1) Meteorological conditions not consistent with flight safety;
2) Labor disputes at the air carrier or essential service provider;
3) Natural disasters rendering safe flight operations impossible;
4) Technical problems not inherent in the operation of the aircraft, such as hidden manufacturing defects;
5) Security risks, sabotage, or acts of terrorism;
6) Life threatening medical risks requiring interruption or deviation;
7) Air Traffic Management airspace closure or closure of an airport;
Events that are specifically excluded from the “extraordinary circumstances” qualification are:
1) Technical problems inherent in the normal operation of the aircraft;6
2) Crew unavailability not stemming from a labor strike.
Duty of Care
The new Regulation expressly provides that the air carrier’s duty of care applies even when the delay or cancellation is the result of “extraordinary circumstances.” However, recognizing the heavy burden this imposes on air carriers, particularly in the case of large scale flight disruptions (e.g. the Spring 2010 European volcanic ash disruption), the European Commission proposes a cap to the duty of care and assistance, including a three-day limit on the requirement to provide hotel accommodations7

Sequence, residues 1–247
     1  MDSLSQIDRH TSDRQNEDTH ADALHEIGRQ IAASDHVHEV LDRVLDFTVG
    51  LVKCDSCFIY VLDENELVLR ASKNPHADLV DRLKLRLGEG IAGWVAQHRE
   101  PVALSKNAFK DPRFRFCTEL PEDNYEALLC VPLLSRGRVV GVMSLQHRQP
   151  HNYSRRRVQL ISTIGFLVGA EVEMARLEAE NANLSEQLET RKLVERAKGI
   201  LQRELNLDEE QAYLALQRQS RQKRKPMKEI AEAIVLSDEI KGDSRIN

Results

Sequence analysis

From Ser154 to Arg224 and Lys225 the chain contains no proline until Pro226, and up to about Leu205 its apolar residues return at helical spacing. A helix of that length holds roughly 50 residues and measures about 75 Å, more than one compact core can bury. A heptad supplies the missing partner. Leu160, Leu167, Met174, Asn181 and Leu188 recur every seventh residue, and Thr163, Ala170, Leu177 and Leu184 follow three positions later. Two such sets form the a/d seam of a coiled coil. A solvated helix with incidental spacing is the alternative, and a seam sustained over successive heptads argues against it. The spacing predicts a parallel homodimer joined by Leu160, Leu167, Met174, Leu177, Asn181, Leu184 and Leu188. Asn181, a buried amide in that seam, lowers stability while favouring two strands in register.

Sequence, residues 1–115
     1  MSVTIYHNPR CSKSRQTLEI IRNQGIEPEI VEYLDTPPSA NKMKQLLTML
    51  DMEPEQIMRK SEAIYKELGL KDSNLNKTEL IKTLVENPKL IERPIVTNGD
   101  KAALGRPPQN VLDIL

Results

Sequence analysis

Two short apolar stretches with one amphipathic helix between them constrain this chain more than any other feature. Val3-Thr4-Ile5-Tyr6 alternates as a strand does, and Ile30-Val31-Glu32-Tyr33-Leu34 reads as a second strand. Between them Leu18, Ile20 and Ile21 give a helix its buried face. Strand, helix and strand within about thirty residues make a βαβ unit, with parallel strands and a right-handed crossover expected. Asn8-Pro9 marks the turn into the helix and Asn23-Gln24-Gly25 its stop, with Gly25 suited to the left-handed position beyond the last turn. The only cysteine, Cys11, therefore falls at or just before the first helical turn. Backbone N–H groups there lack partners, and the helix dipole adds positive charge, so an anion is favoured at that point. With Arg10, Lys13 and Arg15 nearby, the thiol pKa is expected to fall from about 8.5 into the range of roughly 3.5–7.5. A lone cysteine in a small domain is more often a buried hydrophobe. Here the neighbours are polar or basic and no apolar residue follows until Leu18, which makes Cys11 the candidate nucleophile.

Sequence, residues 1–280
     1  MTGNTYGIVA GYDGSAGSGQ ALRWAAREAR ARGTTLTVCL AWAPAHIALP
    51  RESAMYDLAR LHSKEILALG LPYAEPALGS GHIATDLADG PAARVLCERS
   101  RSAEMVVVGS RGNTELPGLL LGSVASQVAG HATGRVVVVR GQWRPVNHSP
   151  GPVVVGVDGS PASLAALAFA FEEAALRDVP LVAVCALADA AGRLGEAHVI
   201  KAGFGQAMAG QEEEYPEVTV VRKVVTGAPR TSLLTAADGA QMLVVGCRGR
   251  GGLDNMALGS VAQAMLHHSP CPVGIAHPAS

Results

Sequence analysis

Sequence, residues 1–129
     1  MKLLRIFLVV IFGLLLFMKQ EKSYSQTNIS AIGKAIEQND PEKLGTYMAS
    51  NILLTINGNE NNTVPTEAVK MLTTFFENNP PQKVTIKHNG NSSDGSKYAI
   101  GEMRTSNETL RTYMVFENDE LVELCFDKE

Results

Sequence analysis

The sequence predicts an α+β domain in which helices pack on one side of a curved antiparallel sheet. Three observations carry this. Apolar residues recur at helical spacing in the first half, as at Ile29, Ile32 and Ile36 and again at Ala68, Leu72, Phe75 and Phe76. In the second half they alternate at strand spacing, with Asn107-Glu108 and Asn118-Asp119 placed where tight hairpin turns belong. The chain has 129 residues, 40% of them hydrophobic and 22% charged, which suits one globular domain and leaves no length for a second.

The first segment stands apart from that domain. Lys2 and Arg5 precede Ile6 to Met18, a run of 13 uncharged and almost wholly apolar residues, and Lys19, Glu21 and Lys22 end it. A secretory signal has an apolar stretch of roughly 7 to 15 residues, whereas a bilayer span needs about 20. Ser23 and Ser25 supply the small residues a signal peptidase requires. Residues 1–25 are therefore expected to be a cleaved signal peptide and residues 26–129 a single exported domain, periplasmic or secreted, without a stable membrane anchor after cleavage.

Statute of Limitations
The proposed Regulation would impose a statute of limitation on all court claims of two years from the date the aircraft arrived or was schedule to arrive.
The proposed regulation imposes an additional duty on carriers for tarmac delays. Tarmac delays of more than one hour will require airlines to provide water, available lavatories, and air conditioning or heat as appropriate.
Under the new amendments, carriers will be prohibited from denying boarding on the return portion of a flight even if the passenger did not travel on the originally scheduled outbound segment of the flight.